U.S. promises consultation with Japan before Osprey flight resumption
TOKYO – The United States has promised to consult with Japan before it resumes Osprey flights in the nation after suspending them following a deadly crash of one of the tilt-rotor aircraft late last year, Japanese Defense Minister Minoru Kihara said Tuesday.
Kihara told a press conference he understands that U.S. Defense Secretary Lloyd Austin has instructed the U.S. forces and relevant departments not to operate Ospreys in Japan without coordinating with the Japanese government in advance.
“Ensuring the safety of Ospreys is the common top priority for Japan and the United States,” Kihara added.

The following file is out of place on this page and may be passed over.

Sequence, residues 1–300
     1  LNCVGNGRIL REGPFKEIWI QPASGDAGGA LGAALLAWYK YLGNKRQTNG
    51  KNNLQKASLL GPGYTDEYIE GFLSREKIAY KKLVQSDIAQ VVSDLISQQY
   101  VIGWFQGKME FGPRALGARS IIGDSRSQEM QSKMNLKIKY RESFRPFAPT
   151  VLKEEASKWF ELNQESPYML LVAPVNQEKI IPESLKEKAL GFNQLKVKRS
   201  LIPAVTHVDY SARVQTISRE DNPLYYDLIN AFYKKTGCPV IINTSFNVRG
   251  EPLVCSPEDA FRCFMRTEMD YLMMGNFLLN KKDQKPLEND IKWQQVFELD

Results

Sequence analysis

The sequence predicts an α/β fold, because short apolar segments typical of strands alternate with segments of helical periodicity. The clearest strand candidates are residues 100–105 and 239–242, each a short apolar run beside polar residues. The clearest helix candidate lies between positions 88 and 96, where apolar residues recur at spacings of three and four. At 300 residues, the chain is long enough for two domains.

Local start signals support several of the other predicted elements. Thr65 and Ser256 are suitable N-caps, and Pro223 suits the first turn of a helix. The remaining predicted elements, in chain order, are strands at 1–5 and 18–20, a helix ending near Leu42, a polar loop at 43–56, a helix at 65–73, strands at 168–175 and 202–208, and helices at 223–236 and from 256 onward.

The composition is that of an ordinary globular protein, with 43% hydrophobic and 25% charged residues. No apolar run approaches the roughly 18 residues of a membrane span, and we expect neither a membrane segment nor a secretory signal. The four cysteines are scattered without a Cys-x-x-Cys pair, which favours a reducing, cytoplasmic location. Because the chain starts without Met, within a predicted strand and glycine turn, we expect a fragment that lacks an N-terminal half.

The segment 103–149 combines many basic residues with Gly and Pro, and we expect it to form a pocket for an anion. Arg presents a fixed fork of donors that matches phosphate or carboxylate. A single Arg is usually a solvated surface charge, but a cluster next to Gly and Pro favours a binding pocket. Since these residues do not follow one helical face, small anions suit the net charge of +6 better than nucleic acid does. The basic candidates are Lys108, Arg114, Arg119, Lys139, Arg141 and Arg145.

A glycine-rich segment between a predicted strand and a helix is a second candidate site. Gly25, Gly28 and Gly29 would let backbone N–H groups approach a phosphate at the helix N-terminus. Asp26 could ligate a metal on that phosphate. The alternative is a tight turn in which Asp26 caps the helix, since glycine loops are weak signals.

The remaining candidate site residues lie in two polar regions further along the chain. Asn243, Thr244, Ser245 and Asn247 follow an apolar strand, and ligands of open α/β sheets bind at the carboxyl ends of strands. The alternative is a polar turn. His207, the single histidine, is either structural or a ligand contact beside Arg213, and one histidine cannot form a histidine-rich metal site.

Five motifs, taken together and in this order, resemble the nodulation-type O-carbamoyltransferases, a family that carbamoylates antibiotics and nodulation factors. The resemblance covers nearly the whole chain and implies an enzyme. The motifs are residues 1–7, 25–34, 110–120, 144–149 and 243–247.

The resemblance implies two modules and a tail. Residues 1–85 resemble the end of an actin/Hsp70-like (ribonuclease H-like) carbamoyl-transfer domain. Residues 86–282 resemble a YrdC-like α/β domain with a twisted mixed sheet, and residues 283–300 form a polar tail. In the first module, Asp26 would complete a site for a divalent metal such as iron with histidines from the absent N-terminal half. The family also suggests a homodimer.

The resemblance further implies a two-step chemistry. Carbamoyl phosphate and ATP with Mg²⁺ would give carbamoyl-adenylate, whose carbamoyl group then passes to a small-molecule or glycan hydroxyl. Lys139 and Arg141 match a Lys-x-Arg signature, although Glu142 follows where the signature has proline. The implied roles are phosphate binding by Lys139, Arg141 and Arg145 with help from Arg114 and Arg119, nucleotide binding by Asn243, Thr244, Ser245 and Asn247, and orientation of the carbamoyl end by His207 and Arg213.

Washington decided to ground all of its Ospreys worldwide on Dec 6, a week after a U.S. Air Force CV-22 transport plane crashed into the sea near Yakushima Island in Kagoshima Prefecture in late November, killing all eight people on board.
The decision followed repeated requests from Japan, whose Ground Self-Defense Force has suspended flights of its V-22 Ospreys from the day after the accident amid public concerns over the aircraft’s safety.
Kihara, meanwhile, said it is hard to answer when the Osprey flights will resume and when the U.S. military will conclude the ongoing investigation into the cause of the incident, including analyzing the recovered flight recorder.
The U.S. military has deployed MV-22s, used by the U.S. Marine Corps, at Marine Corps Air Station Futenma in Okinawa Prefecture and is operating the CV-22s, used by the U.S. Air Force, from Yokota Air Base in the western suburbs of Tokyo.